President Donald Trump is hailing the successful launch of SpaceX's first Crew Dragon spacecraft as an epic win for American spaceflight.
"We've got NASA 'rocking' again. Great activity and success," Trump wrote on Twitter Saturday. "Congrats to SPACEX and all!"
"A new generation of space flight starts now with the arrival of @SpaceX's Crew Dragon to the @Space_Station," NASA Administrator Jim Bridenstine said via Twitter today. "Congratulations to all for this historic achievement getting us closer to flying American Astronauts on American rockets."
SpaceX's Crew Dragon test flight, called Demo-1, is a critical demonstration to show that the vehicle is ready to fly astronauts for NASA under the agency's Commercial Crew program. In 2014, the NASA program awarded more than $6 billion in contracts to SpaceX and Boeing to develop new crewed spacecraft for astronauts. SpaceX received $2.6 billion in that funding round, while Boeing received $4.2 billion to support its CST-100 Starliner spacecraft.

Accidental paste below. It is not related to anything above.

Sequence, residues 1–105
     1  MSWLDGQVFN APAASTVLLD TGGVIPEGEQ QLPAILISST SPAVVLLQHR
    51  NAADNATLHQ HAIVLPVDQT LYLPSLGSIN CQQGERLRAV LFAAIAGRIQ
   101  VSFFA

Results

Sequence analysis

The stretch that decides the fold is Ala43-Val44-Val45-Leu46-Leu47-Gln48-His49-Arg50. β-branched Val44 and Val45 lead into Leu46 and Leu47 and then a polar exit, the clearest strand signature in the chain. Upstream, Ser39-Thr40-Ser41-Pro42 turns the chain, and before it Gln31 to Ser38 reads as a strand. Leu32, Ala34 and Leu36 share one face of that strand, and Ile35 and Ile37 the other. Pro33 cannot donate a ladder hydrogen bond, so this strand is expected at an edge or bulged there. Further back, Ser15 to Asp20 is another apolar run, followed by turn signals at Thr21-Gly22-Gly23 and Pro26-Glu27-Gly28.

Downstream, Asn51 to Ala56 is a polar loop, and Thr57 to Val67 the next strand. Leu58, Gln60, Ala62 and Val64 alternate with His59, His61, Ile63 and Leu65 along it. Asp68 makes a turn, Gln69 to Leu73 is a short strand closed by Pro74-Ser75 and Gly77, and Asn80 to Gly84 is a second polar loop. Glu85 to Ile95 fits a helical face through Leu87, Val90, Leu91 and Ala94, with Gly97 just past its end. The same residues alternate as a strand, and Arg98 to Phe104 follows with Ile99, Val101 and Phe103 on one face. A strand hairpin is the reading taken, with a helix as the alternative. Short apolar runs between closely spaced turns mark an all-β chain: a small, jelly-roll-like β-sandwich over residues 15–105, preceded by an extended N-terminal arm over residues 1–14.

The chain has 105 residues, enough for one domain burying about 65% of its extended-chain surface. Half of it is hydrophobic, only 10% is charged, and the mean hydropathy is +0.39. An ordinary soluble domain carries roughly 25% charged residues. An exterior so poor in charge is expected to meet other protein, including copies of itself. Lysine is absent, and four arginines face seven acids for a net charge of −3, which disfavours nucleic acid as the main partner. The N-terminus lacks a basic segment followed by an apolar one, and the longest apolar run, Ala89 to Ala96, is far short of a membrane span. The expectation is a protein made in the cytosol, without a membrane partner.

SpaceX Demo-1 mission is the first of those new commercial crew vehicles to fly. Boeing aims to launch its first uncrewed Starliner test flight in April. Both companies will launch in-flight abort system tests of their vehicles before flying astronauts on them later this year.
Trump isn't the only one in his administration excited about SpaceX's Crew Dragon flight. Vice President Mike Pence, who chairs the National Space Council, touted the launch's success just after its dazzling predawn liftoff.
"Under @POTUS' leadership, we are leading in space again," Pence wrote on Twitter, referring to Trump. "Congrats to @NASA & @SpaceX for today’s successful launch of the #CrewDragon spacecraft — taking us one step closer to launching American astronauts to space from American soil on American-made rockets."
Trump has signed four space policy directives to date, with the first directing NASA to return astronauts to the moon. The other three are aimed at streamlining commercial space regulations, addressing space traffic and orbital debris issues and establishing a military Space Force branch of the U.S. Armed Forces.
SpaceX's Crew Dragon mission will remained docked at the International Space Station through Friday (March 8), when it is scheduled to depart and return to Earth. The spacecraft will splashdown in the Atlantic Ocean, just off the eastern coast of Florida, and be retrieved by a SpaceX recovery ship.
Visit Space.com this week for complete coverage of SpaceX's Crew Dragon Demo-1 mission.
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